The terrorist attacks in London’s subway in July caused Berlusconi to increase police and military preparedness for fear of terrorist acts on Italian soil. Anti-terrorism laws were tightened at the same time. Berlusconi also announced that 300 of the 2,700 Italian soldiers in Iraq would be taken home in September.

After several legal and diplomatic tours, in September 27-year-old Hussain Osman, suspected of participation in the failed terrorist attack in London’s subway on July 21, was extradited by Italy to Britain.

In July, central bank governor Antonio Fazio was accused of committing misconduct when acting in favor of an Italian bank, Banca Popolare Italiana, in front of the Dutch ABN Amro in the sale of the Italian bank Banca Antonveneta. Finance Minister Domenico Siniscalco and many others demanded Fazio’s departure. The political tug-of-war led to the departure of the finance minister in September. The new Finance Minister Giulio Tremonti was also sharply critical of Fazio, whose mandate was lifelong. Despite calls from Berlusconi to Fazio to leave, he chose to remain. An investigation of the banking business began and in December Fazio chose to step down as political pressure on him increased further. Due to legislative changes, the new term of governor Mario Draghi became only six years. In November, Parliament passed constitutional amendments that strengthen the regions vis-à-vis the central government and reduce the number of members of Parliament. The Prime Minister’s position is also strengthened. The changes will only take effect in 2012 and 2015.

In 2009, Italy continued its practice of deporting terror suspects to Tunisia despite the risk of mistreatment and torture by the authorities there. The European Court of Human Rights condemned in an order in February Italy for the deportation in June 2008 by Essid Sami Ben Khemais, despite the fact that the court had called on Italy to suspend the deportation while his case was being investigated. The Human Rights Court handed down 9 similar orders in 2009 condemning Italy for its deportation practice.

Racism and xenophobia are becoming a growing problem in the country – both in political discourse and in violent reactions. In 2009, thugs set fire to an Indian emigrant and punched 4 Romanians, sending 2 of them to the hospital. In July 2009, the government made a temporary scheme permanent under the name “Security Package”. The package makes irregular entry into the country punishable by a fine of up to € 10,000. At the same time, so-called “civic groups” were created, leading to strong public criticism of the state plan to create so-called “vigilante” groups or death patrols. A number of such groups are already linked to the fascist right wing. At the same time, elected politicians appeared extremely hateful towards minority groups. In May, it prompted President Giorgio Napolitano to warn of the xenophobic development, and that warning was followed by warnings from the Catholic Church. In April, the Council of Europe’s Human Rights Commissioner Thomas Hammarberg had criticized the growing assaults on Roma in particular in Italy. Still, authorities continued to assault Roma enclaves around the country.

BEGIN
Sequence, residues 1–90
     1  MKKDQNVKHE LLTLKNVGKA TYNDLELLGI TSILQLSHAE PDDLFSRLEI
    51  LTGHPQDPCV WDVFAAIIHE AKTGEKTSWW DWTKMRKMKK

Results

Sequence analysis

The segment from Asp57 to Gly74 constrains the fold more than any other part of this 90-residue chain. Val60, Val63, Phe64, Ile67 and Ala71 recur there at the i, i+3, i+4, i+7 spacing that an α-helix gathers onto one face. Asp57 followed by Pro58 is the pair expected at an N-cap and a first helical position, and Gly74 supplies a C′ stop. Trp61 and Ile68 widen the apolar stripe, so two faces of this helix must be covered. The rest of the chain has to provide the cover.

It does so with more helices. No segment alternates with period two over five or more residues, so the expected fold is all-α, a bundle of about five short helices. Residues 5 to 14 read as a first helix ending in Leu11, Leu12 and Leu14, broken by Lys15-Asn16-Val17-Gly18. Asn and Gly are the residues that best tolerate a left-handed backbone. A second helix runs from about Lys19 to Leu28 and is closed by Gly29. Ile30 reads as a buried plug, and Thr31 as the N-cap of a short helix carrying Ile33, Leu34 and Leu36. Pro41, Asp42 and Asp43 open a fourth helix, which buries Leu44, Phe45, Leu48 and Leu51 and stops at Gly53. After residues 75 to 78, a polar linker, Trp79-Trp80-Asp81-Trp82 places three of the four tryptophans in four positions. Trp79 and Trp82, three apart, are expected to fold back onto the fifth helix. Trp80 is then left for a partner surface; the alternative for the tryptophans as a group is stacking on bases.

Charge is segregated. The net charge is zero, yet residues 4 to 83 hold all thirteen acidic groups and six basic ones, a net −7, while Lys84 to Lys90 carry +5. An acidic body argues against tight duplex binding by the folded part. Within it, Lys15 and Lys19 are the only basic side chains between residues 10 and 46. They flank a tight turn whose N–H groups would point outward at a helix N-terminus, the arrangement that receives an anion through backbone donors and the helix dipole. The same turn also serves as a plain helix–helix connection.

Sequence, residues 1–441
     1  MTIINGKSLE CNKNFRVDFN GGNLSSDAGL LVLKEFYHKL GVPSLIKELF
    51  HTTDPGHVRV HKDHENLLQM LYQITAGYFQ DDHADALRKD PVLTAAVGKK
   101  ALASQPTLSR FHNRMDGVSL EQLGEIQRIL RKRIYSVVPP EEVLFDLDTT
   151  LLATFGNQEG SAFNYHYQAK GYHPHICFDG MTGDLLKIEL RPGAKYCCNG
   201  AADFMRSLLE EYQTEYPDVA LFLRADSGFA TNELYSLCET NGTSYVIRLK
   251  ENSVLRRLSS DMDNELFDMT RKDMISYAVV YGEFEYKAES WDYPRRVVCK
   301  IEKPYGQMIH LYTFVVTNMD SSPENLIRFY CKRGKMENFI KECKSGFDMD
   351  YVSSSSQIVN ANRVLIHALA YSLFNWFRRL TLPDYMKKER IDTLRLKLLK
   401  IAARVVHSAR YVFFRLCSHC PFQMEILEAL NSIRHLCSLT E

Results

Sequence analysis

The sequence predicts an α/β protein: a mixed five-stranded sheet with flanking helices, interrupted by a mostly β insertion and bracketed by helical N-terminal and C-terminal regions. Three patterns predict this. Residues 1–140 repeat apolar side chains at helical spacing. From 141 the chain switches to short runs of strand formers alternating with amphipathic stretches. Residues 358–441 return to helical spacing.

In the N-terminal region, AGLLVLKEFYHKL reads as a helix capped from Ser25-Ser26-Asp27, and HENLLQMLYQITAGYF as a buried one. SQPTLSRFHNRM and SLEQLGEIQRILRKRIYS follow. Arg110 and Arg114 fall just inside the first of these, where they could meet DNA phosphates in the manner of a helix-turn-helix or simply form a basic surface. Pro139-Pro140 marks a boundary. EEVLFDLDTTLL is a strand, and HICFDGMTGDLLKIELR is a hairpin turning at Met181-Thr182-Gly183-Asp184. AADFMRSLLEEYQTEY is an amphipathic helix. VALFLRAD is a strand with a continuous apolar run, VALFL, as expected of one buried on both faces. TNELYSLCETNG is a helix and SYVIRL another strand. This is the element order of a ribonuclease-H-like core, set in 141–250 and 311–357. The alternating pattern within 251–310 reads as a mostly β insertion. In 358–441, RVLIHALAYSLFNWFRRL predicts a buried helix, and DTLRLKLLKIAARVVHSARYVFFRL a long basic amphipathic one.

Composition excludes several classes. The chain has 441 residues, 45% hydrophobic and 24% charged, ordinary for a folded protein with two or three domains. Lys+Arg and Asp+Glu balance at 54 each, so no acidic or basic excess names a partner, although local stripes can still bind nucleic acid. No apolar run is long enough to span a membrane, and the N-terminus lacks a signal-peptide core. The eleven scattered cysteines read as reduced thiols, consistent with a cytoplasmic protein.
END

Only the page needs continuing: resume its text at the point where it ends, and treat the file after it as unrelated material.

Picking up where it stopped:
Italy was hit hard by the global economic crisis. In 2009, GDP fell by 5% and unemployment continued to rise throughout the year, reaching 8.8% in March 2010. However, it was still below the EU average of 10.2%. In contrast, youth unemployment reached 27.7%. The state budget deficit in 2009 was 5.3% – the EU only allows 3%. In the summer of 2010, the Berlusconi government announced a $ 24 billion savings package €:

  • 400,000 posts within the public sector must be saved
  • Wages are frozen in 2010-12
  • The retirement age for women in the public sector is raised from 61 to 65 in 2012
  • Italians who had retained the right to retire in the latter half of 2011 must work 6 months more
  • The government saves DKK 400 million € in 2011 and € 1100m € in 2012

100,000 Italians demonstrated June 12 against the government’s savings plans, and on June 25, the national organization CGIL conducted a general strike against the plan.

From the beginning of 2010, an increasingly powerful power struggle developed between the new fascist Franco Fini and Berlusconi in their joint party, the Freedom People. In April, 52 MPs stood behind Fini. However, the party’s leading majority continued to support Berlusconi. The power struggle temporarily culminated in July, when Berlusconi sought to remove Fini as parliamentary chair of the Chamber of Deputies. He and 3 others were also excluded by the party. Instead, they formed a new party “Future and Freedom”. The opposition sought to take advantage of the situation and in early August put a vote of no confidence in the Berlusconi government, which however it survived by 299 votes against 229. The Finiblok and several others – a total of 75 – abstained. Fini would not mind overthrowing Berlusconi.